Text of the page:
Since we live in a period of history where mythologies, even with the slightest hint of a creator, is deemed religious by the secular society, I will then market the trilogy and the upcoming 16 chronicles stories as a series of stories of faith, hope and spirituality.  In the end, the story is about mankind’s ability to be proper stewards and provides thought on immortal life.  It revolves around free will, family, spouse, children, races, and even the animals.

In the year 1999, I was challenged by a friend to write a story centered around a creator as the source of good, rather than the benign references in many stories.  Stars Wars has the “Force”, Lord of the Rings had the power of the elves given to them by Eru (The One), and Narnia has Aslan the Lion who is a representation of Jesus.  Robert Jordan, the author of The Wheel of Time has a creation story very similar to Christianity. George RR Martin refers to the old and new gods.  Gods lay down laws and the expectations of their creations.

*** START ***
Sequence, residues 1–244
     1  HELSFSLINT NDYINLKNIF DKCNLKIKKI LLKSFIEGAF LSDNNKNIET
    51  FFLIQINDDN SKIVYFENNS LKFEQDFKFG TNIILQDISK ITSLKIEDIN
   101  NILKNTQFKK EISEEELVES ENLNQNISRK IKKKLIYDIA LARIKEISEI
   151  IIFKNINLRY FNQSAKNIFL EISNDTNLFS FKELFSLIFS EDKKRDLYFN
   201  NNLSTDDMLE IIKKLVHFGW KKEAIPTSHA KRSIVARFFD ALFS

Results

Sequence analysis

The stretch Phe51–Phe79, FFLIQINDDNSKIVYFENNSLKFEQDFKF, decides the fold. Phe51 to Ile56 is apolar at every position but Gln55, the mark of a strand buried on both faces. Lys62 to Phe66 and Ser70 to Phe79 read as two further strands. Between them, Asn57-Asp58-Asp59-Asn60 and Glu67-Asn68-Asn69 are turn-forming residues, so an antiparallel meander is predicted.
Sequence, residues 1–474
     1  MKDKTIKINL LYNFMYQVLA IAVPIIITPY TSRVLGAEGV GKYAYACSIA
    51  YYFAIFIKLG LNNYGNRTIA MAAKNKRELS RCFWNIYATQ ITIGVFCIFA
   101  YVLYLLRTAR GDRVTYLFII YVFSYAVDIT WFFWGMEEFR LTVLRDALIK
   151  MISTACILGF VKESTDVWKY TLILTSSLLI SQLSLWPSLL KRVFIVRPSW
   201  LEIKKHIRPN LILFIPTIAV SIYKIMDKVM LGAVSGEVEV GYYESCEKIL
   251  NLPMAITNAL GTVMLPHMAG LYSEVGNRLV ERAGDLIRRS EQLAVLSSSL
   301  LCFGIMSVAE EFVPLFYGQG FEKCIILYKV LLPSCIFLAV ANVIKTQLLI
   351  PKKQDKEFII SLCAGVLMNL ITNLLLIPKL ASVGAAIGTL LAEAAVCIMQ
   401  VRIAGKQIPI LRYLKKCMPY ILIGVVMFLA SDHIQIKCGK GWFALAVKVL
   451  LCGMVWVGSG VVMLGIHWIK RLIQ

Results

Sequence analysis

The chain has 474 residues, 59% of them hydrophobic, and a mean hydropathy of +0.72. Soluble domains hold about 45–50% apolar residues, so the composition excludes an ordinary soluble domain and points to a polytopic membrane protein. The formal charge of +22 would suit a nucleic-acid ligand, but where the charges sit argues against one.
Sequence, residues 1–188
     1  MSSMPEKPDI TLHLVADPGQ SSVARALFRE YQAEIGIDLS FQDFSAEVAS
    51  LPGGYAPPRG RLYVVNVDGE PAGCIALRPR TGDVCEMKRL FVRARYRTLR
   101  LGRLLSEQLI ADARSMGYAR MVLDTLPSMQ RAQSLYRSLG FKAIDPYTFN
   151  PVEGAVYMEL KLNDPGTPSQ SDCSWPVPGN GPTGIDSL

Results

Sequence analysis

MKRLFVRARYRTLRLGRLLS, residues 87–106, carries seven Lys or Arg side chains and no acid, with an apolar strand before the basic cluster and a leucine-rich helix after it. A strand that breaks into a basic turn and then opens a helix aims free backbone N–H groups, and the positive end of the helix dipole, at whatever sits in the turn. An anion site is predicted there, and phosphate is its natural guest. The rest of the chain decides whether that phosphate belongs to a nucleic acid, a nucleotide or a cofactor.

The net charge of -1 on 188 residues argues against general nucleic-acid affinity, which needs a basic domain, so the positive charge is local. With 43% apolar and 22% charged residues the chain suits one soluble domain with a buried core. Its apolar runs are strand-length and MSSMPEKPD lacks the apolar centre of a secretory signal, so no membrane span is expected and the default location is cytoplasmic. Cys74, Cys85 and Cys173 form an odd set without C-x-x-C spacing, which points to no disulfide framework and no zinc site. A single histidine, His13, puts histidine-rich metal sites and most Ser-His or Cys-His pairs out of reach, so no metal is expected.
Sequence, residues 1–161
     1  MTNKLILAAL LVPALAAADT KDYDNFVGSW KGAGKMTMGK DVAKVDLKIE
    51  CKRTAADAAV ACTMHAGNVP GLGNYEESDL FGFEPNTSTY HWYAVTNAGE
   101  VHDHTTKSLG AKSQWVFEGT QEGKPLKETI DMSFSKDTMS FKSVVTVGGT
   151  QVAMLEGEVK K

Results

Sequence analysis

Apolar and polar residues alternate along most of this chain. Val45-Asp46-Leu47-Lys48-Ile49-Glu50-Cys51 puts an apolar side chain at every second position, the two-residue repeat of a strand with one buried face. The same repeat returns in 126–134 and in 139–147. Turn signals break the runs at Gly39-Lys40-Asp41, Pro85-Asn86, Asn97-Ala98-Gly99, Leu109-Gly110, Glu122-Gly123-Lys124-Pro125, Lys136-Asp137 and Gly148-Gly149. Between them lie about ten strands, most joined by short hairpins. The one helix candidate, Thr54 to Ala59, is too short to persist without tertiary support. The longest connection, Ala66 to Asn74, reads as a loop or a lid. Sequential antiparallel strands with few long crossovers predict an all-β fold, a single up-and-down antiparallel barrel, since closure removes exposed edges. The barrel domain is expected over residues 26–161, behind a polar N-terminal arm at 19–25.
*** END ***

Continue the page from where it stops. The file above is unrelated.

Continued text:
In the end, the story is one about faith in something greater than ourselves and how one man is chosen to deliver the enslaved and a message to all of the living. The words Chosen One, do not refer to Christ.  Christ was God incarnate.  My hero is a mere mortal, asked to rise to the greatest challenge of all – to unite the seven divided races and stand against evil, before there is nothing left but death, darkness and eternal silence.

You will notice many inferences to other mythologies such as King Arthur and that created by Tolkien.  You will see the influence of Dante’s Inferno and Milton’s Paradise Lost.  In its simplest of form it is derived from this popular quote:

“The only thing necessary for the triumph of evil is for good men to do nothing.”